Obesity prevention efforts are increasingly focused on early childhood. Emerging evidence suggests that the emotional quality of interactions between parents and children impacts risk for obesity and self-regulation may be an explanatory mechanism. However, parent-child interactions are traditionally observed during play, and mealtime interactions have not been studied over time in relationship to children's obesity risk. Further, which aspects of self-regulation are involved is unclear. Children born preterm have risks for obesity that are similar to children born at term, and preterm children are at higher risk for deficits in self-regulation. The objective of this application is to conduct a longitudinal study of toddlers (of all gestational ages) to determine how the quality of parent-child interactions observed in mealtime and play settings in the home and laboratory impacts changes in weight and adiposity through preschool-age, and to identify the aspects of self-regulation that are involved. Our central hypothesis is that trajectories of parent-child mealtime interaction will differ and predict risk for obesity at 42 months more robustly than observations of parent-child interaction during play, with gestational age and temperamental reactivity as effect modifiers, and emotion regulation as the aspect of self- regulation most strongly associated with obesity. The rationale for the current project is that strategies to prevent obesity in young children are urgently needed and parent engagement will be crucial to their success; studying parent-child interaction over time and across contexts, with children of all gestational ages, will facilitate identification of modifiable targets for obesity prevention. The proposal has three specific aims: 1) to characterize trajectories of parent-child mealtime interactions across the toddler to preschool period relative to parent-child interactions in play, 2) to identify parent-child mealtime interactions that increase risk for obesity, and 3) to determine the aspects of self-regulation that predict healthy weight in preschool-aged children and identify precursors. Our approach to accomplish these aims will be a prospective study of 250 children enrolled at 18 months and assessed at 24, 36, and 42 months of age in our laboratory and in their homes. Parent-child interaction during play and during mealtimes at home and in a standardized buffet lunch in the laboratory will be observed and objectively coded. Self-regulation at preschool-age will be assessed using a battery of objective tasks and parent-report. The expected outcomes of this research will be detailed understanding of the aspects of self-regulation and parent-child mealtime interactions that are associated with risk for obesity in early childhood. The project is innovative in bringing concepts and methods from developmental science to the challenge of childhood obesity and utilizing objective coding of observed parent-child interactions in mealtime and non-mealtime contexts over time and with children of all gestational ages. The project is significant because it will bring a dyadic perspective to research on parenting and childhood obesity and what is learned can be applied to have a positive impact on the health and well-being of children and families.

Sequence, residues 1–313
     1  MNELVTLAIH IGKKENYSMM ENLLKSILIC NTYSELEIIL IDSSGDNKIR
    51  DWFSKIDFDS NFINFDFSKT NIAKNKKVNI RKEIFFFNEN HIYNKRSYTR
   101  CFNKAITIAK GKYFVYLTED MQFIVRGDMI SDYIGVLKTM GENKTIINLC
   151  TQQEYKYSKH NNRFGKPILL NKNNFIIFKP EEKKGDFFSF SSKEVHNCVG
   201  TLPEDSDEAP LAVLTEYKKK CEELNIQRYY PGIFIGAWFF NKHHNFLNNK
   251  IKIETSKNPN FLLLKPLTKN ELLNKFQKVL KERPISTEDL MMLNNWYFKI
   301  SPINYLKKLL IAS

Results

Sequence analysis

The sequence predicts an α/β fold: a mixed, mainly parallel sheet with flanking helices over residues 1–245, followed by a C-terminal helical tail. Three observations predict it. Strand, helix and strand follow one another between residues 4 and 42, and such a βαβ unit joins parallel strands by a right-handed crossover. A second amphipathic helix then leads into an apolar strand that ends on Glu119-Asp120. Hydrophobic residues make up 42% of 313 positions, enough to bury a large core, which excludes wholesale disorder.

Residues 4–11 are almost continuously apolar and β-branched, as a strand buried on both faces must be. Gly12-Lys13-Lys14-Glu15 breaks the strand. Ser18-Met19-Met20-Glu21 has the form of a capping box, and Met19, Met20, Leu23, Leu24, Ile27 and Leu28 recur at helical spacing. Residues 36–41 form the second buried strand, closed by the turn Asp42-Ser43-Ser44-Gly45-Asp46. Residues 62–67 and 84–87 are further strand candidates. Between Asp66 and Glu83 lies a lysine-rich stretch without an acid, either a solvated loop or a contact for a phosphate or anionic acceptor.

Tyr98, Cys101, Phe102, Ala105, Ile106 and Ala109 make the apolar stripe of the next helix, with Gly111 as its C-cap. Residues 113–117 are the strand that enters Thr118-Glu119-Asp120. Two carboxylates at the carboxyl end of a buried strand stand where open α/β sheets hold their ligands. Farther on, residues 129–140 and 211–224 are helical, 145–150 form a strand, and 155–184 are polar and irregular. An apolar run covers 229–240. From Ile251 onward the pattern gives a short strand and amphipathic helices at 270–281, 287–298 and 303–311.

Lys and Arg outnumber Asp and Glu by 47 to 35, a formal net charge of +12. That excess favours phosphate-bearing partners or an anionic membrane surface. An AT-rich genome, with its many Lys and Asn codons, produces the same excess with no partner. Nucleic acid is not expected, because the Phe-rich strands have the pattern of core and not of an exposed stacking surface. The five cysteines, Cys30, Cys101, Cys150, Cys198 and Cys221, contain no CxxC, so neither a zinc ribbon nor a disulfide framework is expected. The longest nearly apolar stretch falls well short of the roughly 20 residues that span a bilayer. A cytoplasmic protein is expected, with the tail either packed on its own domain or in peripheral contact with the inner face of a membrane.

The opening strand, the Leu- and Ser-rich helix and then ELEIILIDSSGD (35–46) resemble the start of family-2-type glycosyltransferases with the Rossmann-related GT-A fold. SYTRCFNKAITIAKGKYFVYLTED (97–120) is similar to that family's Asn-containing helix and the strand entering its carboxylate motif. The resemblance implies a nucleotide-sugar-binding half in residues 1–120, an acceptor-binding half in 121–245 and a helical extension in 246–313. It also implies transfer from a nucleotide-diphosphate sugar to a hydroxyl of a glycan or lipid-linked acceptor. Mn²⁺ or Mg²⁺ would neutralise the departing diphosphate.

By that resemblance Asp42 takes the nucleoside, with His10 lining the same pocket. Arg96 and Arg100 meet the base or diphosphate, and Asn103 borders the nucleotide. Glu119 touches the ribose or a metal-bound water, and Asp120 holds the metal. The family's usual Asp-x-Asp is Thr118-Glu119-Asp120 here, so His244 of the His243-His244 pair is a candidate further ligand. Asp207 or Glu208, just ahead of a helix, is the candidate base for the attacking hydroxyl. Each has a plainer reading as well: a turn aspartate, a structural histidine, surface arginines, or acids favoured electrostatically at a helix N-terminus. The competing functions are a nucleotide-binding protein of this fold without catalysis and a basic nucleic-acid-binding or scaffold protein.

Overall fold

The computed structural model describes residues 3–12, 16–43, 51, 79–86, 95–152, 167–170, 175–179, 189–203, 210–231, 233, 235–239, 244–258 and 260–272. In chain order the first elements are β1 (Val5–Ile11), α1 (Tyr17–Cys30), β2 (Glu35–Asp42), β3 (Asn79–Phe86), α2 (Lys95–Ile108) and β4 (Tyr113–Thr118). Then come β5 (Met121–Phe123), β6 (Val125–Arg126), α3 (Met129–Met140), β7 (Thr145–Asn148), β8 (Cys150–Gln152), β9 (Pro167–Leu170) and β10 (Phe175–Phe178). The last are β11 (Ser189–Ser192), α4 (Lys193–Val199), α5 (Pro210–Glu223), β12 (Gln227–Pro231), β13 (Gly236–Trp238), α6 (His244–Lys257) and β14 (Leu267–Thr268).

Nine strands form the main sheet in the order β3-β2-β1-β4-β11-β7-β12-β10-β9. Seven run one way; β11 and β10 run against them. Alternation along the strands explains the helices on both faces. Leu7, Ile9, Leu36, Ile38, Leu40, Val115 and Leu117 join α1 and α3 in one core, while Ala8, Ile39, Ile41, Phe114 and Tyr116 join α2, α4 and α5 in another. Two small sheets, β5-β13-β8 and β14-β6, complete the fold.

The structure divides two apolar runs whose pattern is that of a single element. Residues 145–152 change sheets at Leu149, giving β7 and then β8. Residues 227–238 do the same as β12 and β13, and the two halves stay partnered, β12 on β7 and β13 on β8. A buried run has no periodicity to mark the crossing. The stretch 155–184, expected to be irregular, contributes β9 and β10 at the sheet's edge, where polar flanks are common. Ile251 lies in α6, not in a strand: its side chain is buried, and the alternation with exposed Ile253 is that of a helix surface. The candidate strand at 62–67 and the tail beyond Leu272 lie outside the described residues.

The proposed research is relevant to public health because it will provide the basis for new and more effective childhood obesity prevention strategies, generalizable to children regardless of gestational age, which will also promote young children's social-emotional development. The project is relevant to the part of NIDDK's mission to seek knowledge about obesity that can be applied to improve the health and quality of life of people, including populations disproportionately affected by obesity. The project is also relevant to the part of NICHD's mission to ensure that children achieve their full potential for healthy and productive lives.